“Most people were happy to see him come to Graz and had high hopes. But he could not bring the club back on track.”

Milanic’s prefered 4-4-2 system at Maribor was switched to a 4-2-3-1 at Graz, akin to the current successful formula which has brought United rewards since the end of August under caretaker head coach Neil Redfearn in the shape of 10 points from 12 in the Championship.

While it never really happened for him at Graz that did not stop an outpouring of emotion from club officials on Sunday, when he announced his exit after managing the club for the last time in the 1-0 win over SK Ried.

Tears abounded, while Graz general manager Gerhard Goldbrich, by way of a parting gift to him and outgoing assistant Novica Nikcevic, who also joins him at Leeds, gave them two tickets from Leeds to Graz to return to officially say farewell to supporters.

Massively liked he may still be, but equally many Graz supporters are pragmatic at his departure, according to Reif.

He said: “The general manager gave them two one-day tickets from Leeds to Graz if ever they want to come back. He said that any time they come back, they will have a warm welcome.

“Milanic is very big in Graz as he played here and won championship titles and was part of it. Everyone liked him, but on the other hand, lots of fans expected more of him (as manager) because he was so successful at Maribor.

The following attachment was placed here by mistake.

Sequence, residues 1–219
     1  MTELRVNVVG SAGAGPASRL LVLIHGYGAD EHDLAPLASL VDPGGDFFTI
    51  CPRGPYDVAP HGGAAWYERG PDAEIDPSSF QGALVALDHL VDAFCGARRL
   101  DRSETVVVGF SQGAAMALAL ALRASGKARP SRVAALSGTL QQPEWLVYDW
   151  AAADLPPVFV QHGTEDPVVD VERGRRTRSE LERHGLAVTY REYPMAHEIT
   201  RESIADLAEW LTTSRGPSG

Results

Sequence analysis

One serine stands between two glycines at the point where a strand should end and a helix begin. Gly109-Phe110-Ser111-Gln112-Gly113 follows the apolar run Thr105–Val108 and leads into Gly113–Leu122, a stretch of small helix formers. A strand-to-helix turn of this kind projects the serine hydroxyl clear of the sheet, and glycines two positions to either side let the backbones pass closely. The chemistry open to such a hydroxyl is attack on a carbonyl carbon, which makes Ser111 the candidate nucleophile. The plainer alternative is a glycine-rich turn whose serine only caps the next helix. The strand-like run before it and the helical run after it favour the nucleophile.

“When he arrived here, we all had high hopes he would be successful here as well. But to be honest, it did not really work out.

“The club still considers themselves one of the top four clubs at least. Anything other than qualifying for the European Leagues is a fail.

“Honestly, I think it is a good solution for Milanic and Sturm Graz. The club will also get some money from Leeds from Milanic and his coach.

“It is pretty much the best option everyone could have. It is a sad day, but it is the best possible outcome.”

And on his surprise switch to Leeds, which took many associated with Graz by surprise, he added: “At first of course, nobody expected it. Leeds United is a huge club with a big tradition, even though they are playing in the second league and were also in the third league some years ago.

“But everybody still knows Leeds United, here as well. Everyone wishes Milanic well.”

Fluent in several languages including English, Milanic may be an unknown quantity over here, but did step out at Birmingham City and Spurs during Maribor’s Europa League campaigns of 2011-12 and 2012-13.

On both occasions, Maribor lost and finished bottom of their group, but 2011-12 was noteworthy for Milanic’s side knocking out Glasgow Rangers in the play-off round, 3-2 on aggregate.

Despite propping up the table in 2012-13, Maribor did beat Panathinaikos 3-0 and drew 1-1 at home to Spurs, just the second time a Slovenian side had drawn with an English rival in Europe.

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 Picture: Bruce Rollinson